Australia / Press Releases
Grand Scheme: Loyalty Programs Are Proving Highly Profitable
by Michael Youren
Sep 22 2019

Australia is a world leader in loyalty programs, with almost 80% of consumers currently or previously enrolled in a scheme. Firms across the economy are using these programs to build brand loyalty, with the ACCC estimating that the average Australian is a member of between four and six different programs. However, these programs are increasingly rewarding their providers rather than their members.

While loyalty programs were originally introduced to encourage repeat customers and brand loyalty, companies have become more sophisticated in using them to generate revenue. Many companies are using and selling the significant amounts of customer data these programs generate to drive sales of other products and services.

Two of the largest and most profitable loyalty programs in Australia are Qantas’s Frequent Flyer program and Virgin Australia’s Velocity Frequent Flyer program. These schemes contributed approximately 20% and 42% of their parent companies’ profit, respectively, in 2018-19.

Much of the revenue generated by these programs comes from selling consumer data to third-party companies and from partnership programs with affiliated companies. Both programs have successfully integrated with many credit card offerings, allowing customers to earn points on the purchases they make.

According to industry research firm IBISWorld, both programs operate under a model known as a coalition points-based scheme, whereby providers sell points in their own loyalty programs to other companies. Other companies then offer these points to their own customers, who can use them in the providers program . These schemes are proving increasingly successful and are hugely valuable in the Domestic Airlines industry, the International Airlines industry and the Supermarkets and Grocery Stores industry.

Other commonly used models for loyalty programs include:

  • Standalone points-based schemes, which have no partners and are operated solely by the issuing company
  • Member benefit/discount schemes, which are typically company-specific and offer some form of regular benefits or discounts in lieu of points


‘To capitalise on the popularity and success of loyalty programs, firms in other have also launched their own loyalty programs. For example, Telstra and Optus have introduced similar schemes, known as Telstra Plus and Optus Perks,” said IBISWorld Senior Industry Analyst, Michael Youren.

New entrants to the Telecommunications Services industry have increasingly undercut the established players’ ability to compete on price. As a result, Optus and Telstra are using their loyalty programs to position themselves as a premium service with other associated benefits, allowing them to charge higher prices.

Source: Australian Loyalty Schemes, A Loyalty & Reward Co report for the ACCC June 2019 (2018 data)

What should customers consider?

All consumers need to carefully consider whether they are actually getting value from loyalty programs. Many schemes use rewards and tiered membership levels to encourage customers to spend unnecessarily. In many cases, buying a product outright is cheaper than spending the extra money required to attain a reward or higher membership level. As a result, consumers need to be able to work out what the return on their extra spending is.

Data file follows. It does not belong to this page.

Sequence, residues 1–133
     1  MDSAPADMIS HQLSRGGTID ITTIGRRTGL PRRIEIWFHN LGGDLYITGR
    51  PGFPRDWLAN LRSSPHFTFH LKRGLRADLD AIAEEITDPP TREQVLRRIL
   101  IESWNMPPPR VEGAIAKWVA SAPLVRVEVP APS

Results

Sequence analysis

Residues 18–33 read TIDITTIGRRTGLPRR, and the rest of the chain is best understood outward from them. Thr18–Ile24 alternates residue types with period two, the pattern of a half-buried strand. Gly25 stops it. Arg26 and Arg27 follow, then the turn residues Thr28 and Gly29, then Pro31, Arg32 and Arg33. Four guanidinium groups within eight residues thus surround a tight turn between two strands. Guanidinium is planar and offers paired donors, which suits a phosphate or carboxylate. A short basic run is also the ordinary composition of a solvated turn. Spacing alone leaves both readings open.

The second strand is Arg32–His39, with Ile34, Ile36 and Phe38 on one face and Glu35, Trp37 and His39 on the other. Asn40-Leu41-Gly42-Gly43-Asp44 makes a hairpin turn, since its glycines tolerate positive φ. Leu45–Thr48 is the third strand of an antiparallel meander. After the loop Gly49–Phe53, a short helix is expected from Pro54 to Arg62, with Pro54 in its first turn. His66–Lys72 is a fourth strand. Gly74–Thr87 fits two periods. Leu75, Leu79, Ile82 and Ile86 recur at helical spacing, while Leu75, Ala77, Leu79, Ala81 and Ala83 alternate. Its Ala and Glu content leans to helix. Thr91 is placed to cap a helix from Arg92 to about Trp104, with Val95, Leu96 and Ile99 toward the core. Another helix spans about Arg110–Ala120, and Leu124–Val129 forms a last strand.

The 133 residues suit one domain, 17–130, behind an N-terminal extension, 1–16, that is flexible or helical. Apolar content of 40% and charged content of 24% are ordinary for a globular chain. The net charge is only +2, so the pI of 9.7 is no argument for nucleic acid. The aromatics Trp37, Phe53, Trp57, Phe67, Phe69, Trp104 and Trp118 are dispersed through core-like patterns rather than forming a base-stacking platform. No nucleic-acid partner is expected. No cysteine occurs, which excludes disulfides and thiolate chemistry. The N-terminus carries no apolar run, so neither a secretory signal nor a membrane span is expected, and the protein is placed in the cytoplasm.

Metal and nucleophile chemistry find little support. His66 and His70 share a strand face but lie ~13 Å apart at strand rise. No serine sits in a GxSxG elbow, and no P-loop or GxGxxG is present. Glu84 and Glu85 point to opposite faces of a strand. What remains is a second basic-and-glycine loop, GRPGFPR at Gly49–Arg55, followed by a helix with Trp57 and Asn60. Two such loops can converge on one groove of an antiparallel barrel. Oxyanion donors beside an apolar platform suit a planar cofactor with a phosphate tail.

While some good deals do exist, loyalty program providers constantly monitor and update their offerings to ensure that loopholes are closed. Most larger points-based schemes tend to match the number of points needed for a product with its dollar value. Although some inconsistencies in the cost and point value of rewards can be found at times, these are rarely significant. However, some providers do offer promotions that can benefit consumers.

For example, Qantas and Virgin Australia occasionally have special offers on points transfers or certain products or flights. These promotions can benefit consumers that already have points or have already planned to purchase goods or services from these companies.

‘Though some companies offer affiliated products in their schemes, they will usually offer the best value per point on their own products. For example, airlines occasionally offer special discounts on the points needed for certain flights. These rewards can offer the best dollar value return on points, though these will often be flights to less desirable locations or at less popular times of the year,’ said Mr Youren.

Another concern for consumers is how loyalty programs use their data, which has recently received special attention from the ACCC. The terms and conditions accompanying loyalty schemes often state that companies have ownership of a customer’s data. This data can be used to build customer profiles, which detail spending habits and other personal information. These data profiles can then be sold to third parties, which use them for marketing purposes. Data provided in these profiles ranges from email addresses for mailing lists to detailed information for use in more elaborate analysis.

‘Although many companies state that the data they use and sell is deidentified, many consumers aren’t aware that personal data can also be gleaned from other sources. For example, companies may be able to identify credit card information based on past linkages between loyalty cards and credit cards,’ said Mr Youren.

-ENDS-

 IBISWorld reports used to develop this release:

 

For more information, to obtain industry reports, or arrange an interview with an analyst, please contact:
Kim Do
Strategic Media Advisor – IBISWorld Pty Ltd
Tel: 03 9906 3641

Mobile: 0422 773 995 
Email: 
kim.do@ibisworld.com